A distinction is made between principal, auxiliary and supplementary lay judges . The main lay judges are informed of the trial dates (usually 12) for the whole year before the start of each financial year. If a main lay judge is prevented from attending, an assistant lay judge, who is then given full rights like a main lay judge, will be used for the entire duration of the process. Supplementary lay judges are called in for extensive processes (preventive) so that they can step in if a main lay judge is absent. His presence throughout the entire process is necessary in order to know the entire process flow and, if necessary, to have all the knowledge to work for the absent (chief) lay judge.

Impartiality is the first duty of lay judges. In addition to the appointed judge, lay judges exercise “the judicial office to the full extent and with equal voting rights” (requirement according to § 30 GVG). This applies both to the taking of evidence, in which the lay judges are allowed to put questions to the accused, witnesses and experts; as well as the finding of a judgment (guilt / innocence and, if necessary, determination of the sentence).

Judges will be reimbursed for possible travel costs or loss of earnings and compensation will be paid based on the time spent at the court.

In addition to the criticism of the need for lay judges expressed in the section on objectives , the organization of the lay judge's office is also criticized. A right to inspect files is not recognized nationwide. In the courts there is still a hierarchy that subordinates the lay judges to the presiding judge: for example, the administrative penalty that the presiding judge can impose on the honorary judge.

Commercial judge

Commercial judges work at the chambers for commercial matters. In Germany, commercial judges wear the black judge's robe in court hearings . Commercial judges judge according to German law with job-specific qualifications , since according to §109 GVG they have to be merchants , board members or managing directors of a legal person or authorized signatory .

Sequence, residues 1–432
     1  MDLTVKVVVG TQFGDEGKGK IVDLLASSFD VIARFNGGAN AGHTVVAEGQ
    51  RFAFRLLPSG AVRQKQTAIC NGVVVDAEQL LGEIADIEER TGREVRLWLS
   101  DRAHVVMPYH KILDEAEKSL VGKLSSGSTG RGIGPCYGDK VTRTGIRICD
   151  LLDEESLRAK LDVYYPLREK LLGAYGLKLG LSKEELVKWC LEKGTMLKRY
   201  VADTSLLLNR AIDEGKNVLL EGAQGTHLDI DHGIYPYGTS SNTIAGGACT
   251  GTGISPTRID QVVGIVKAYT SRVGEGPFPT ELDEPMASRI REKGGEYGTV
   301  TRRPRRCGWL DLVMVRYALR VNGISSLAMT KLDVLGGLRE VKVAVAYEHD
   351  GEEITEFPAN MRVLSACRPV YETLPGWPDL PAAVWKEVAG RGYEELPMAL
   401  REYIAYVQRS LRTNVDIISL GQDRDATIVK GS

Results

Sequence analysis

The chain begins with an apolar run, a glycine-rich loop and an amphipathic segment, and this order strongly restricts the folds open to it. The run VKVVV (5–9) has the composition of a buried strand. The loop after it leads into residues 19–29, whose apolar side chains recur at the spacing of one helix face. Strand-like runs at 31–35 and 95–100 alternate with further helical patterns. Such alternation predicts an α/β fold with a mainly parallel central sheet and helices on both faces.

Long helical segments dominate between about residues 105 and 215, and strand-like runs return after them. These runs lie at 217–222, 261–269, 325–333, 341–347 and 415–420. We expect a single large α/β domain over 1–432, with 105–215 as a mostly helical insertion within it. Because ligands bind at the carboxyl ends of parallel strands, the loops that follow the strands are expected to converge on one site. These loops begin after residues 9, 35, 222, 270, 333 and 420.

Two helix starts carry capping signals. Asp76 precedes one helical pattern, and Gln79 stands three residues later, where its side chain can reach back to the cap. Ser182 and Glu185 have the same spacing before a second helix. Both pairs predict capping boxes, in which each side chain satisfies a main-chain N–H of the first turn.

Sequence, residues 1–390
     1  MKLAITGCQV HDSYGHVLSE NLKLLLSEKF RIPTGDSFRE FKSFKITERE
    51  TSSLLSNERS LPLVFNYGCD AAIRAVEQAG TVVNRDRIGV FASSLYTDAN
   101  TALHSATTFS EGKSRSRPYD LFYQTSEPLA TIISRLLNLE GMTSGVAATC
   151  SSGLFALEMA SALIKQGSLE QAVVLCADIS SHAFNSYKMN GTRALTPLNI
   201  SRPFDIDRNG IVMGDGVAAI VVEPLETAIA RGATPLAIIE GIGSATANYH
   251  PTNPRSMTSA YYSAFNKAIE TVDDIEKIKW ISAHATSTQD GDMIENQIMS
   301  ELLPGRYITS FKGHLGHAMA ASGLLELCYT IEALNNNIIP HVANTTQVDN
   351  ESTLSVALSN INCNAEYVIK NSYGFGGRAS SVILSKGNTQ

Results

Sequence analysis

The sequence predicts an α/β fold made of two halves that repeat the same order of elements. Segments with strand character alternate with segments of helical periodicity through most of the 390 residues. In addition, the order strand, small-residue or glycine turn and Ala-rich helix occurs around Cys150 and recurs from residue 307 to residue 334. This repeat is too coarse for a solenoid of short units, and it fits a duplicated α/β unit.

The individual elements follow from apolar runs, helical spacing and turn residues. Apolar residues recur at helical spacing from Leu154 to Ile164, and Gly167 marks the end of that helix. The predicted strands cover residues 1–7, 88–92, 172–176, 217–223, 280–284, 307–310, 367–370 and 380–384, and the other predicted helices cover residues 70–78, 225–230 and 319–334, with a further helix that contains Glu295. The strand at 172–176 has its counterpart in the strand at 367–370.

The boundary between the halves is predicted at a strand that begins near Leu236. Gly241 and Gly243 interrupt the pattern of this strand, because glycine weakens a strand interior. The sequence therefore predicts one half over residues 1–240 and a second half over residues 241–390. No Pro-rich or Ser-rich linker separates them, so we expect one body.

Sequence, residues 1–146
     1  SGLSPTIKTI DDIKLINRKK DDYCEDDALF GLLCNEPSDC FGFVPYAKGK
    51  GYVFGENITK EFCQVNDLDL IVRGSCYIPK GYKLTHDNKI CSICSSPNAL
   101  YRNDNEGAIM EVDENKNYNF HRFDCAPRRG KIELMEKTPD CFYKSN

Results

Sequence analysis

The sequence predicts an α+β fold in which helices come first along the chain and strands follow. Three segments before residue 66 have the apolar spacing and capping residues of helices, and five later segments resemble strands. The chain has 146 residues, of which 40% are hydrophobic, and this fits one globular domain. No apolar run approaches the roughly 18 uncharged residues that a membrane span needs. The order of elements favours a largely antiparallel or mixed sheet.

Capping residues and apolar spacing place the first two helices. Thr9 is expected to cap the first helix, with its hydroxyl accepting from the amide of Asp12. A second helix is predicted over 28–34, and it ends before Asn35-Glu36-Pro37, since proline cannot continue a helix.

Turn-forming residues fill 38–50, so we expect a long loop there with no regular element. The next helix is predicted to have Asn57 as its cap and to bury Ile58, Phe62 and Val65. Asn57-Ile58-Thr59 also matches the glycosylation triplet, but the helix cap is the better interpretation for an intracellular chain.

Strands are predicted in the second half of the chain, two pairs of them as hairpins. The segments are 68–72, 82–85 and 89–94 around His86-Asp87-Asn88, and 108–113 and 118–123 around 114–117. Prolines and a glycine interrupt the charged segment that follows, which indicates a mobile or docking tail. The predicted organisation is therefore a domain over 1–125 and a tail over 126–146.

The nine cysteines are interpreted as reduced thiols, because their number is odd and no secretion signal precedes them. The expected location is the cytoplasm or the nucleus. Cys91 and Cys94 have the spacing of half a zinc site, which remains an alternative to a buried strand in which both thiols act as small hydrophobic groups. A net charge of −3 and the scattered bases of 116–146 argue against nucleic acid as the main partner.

The Austrian Federal Constitutional Law (B-VG) provides in Article 91, Paragraph 1, the basic participation of the people in the jurisdiction of the ordinary courts . While the following paragraphs 2 and 3 provide a guarantee of existence for the participation of lay judges and juries in criminal proceedings, there is no such guarantee for the participation of the people in civil jurisdiction. Based on Art. 91 Para. 1 B-VG, a simple law ordered the participation of competent lay judges (in commercial jurisdiction : professional lay judges ) also in civil jurisdiction, for example in commercial jurisdiction ( §§ 7 and 8 JN ), labor and Sozialgerichtsbarkeit - ( §§ 10 ff. ASGG and) Competition jurisdiction ( §§ 59 ff. Competition Act ). For the proceedings before the administrative courts , Art. 135 B-VG provides for the possibility of expert lay judges to participate in the case law. This option was also used for many material matters, for example for public procurement law ( §§ 292 ff Bundesvergabegesetz ) or the service law of federal civil servants ( § 135b BDG ).